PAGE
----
There are important differences to note between normal pelvic floor muscles and hypertonic pelvic floor muscles. Normal pelvic floor muscles are neither overly tense nor excessively relaxed. They are flexible and responsive: They have the ability to contract and relax in response to things like coughing, sneezing, laughing, or physical exertion. If your pelvic floor muscles have a normal amount of tension, you do not usually experience pelvic pain or discomfort during daily activities.

On the other hand, hypertonic pelvic floor muscles get in the way of all of the above. Thankfully, you can train your pelvic floor muscles to respond more reflexively. While you may have heard about strengthening exercises like Kegels, learning to let the muscles relax before strengthening them is even more important in cases of hypertonic pelvic floor. That’s where pelvic floor stretches come in: with this kind of exercise, you’re giving your body and your pelvic floor permission to relax. From this relaxed place, responding to various loads becomes much easier.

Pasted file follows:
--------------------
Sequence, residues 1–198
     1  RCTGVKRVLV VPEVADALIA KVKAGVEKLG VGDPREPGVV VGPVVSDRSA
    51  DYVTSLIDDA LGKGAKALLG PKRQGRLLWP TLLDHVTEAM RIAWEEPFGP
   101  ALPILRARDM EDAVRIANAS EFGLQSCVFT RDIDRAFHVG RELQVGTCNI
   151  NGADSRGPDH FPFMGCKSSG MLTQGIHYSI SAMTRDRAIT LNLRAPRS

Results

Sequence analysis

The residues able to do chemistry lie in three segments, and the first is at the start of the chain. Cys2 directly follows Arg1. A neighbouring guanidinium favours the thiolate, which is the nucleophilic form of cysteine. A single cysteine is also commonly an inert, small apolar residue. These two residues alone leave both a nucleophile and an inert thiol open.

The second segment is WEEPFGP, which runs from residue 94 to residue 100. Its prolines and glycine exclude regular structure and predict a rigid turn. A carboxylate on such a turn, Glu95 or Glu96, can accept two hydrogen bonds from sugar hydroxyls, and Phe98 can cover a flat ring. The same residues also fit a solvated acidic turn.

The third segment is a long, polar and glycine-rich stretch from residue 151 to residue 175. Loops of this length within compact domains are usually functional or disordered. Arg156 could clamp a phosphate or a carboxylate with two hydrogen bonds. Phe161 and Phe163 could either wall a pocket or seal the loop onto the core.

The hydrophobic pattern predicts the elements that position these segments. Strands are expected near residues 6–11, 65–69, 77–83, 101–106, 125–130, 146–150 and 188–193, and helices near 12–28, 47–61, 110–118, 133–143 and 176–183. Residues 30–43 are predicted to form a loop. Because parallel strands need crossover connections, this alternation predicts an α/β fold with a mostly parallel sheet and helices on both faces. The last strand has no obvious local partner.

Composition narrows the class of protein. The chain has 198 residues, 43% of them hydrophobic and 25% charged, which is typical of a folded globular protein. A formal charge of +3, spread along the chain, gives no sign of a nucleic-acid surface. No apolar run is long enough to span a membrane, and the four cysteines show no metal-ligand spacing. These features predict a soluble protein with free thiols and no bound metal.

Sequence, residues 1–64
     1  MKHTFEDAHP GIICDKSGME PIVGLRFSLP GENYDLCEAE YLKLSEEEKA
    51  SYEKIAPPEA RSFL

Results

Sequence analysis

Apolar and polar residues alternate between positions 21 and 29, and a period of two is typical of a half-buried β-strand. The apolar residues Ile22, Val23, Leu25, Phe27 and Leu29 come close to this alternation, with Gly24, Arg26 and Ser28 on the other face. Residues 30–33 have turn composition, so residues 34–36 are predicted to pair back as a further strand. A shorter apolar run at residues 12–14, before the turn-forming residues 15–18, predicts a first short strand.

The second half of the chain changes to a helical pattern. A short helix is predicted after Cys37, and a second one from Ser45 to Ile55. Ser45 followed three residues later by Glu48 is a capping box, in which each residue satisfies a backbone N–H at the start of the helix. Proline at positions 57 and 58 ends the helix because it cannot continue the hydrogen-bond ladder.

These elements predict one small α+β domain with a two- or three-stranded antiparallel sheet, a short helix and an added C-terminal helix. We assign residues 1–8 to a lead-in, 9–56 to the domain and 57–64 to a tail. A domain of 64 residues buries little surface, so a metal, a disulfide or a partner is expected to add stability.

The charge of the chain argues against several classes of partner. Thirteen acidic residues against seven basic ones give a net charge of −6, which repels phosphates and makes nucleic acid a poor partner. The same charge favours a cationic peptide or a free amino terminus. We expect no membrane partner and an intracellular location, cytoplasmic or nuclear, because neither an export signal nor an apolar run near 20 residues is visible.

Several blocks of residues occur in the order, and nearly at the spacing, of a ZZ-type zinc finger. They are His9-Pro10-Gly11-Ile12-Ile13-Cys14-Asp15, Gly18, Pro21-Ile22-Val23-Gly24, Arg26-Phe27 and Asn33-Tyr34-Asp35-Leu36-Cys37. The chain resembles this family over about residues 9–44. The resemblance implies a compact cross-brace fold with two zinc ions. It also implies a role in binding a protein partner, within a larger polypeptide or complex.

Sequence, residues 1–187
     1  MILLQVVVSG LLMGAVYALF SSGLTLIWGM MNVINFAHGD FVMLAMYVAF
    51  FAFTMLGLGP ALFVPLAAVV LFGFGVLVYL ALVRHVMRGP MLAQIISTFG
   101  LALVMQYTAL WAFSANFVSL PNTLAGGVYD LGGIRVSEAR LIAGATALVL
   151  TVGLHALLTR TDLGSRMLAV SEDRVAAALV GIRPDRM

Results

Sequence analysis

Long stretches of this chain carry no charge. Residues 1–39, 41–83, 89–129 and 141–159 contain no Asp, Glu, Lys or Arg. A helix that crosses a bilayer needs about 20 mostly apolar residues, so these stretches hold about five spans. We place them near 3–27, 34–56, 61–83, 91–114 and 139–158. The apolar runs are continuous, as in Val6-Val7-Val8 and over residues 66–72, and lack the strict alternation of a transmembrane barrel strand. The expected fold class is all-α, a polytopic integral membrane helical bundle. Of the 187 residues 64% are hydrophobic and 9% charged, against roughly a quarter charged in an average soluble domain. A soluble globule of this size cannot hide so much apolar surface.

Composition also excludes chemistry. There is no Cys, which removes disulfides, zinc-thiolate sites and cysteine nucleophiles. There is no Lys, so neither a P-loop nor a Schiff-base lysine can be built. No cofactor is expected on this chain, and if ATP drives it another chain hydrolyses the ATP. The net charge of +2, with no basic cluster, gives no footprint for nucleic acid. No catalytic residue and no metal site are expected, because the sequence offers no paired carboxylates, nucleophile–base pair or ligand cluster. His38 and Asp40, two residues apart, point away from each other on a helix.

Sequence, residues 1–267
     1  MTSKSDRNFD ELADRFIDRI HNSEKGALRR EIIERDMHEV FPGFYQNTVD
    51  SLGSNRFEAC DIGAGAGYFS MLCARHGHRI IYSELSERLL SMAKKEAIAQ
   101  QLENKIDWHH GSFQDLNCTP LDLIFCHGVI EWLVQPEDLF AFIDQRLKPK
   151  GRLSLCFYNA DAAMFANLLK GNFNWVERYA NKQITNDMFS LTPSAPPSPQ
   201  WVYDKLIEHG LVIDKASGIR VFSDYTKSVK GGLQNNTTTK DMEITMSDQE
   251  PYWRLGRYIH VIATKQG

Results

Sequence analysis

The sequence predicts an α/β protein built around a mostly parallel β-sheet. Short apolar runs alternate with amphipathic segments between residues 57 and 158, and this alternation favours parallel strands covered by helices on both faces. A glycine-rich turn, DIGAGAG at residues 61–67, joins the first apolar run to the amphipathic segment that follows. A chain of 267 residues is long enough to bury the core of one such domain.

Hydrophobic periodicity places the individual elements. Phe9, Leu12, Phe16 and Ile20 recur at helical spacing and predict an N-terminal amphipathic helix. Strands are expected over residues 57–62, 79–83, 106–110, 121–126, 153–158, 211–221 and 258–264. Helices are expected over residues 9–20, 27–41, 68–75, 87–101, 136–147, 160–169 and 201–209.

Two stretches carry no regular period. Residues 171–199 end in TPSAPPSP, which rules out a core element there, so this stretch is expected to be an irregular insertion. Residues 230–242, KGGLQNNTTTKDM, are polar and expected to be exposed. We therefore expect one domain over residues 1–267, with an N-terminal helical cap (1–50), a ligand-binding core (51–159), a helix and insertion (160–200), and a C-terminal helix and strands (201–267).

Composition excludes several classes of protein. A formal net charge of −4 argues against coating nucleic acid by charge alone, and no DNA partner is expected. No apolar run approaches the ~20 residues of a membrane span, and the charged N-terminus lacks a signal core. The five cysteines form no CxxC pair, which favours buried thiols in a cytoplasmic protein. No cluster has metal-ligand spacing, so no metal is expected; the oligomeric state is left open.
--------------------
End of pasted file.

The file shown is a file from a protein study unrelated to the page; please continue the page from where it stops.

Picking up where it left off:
Another analogy might be helpful here: Think about how much easier it is to respond to a difficult situation when you’re well-rested and feeling calm. Your pelvic floor is the same way. 

Building your Stretching Practice

As always, before beginning a new exercise routine, consult with your healthcare practitioner, especially If you have conditions that preclude certain types of movement. If you have hEDS, for example, you may benefit from working 1-1 with a practitioner who can help you keep your joints safe while bringing more range of motion into the muscles.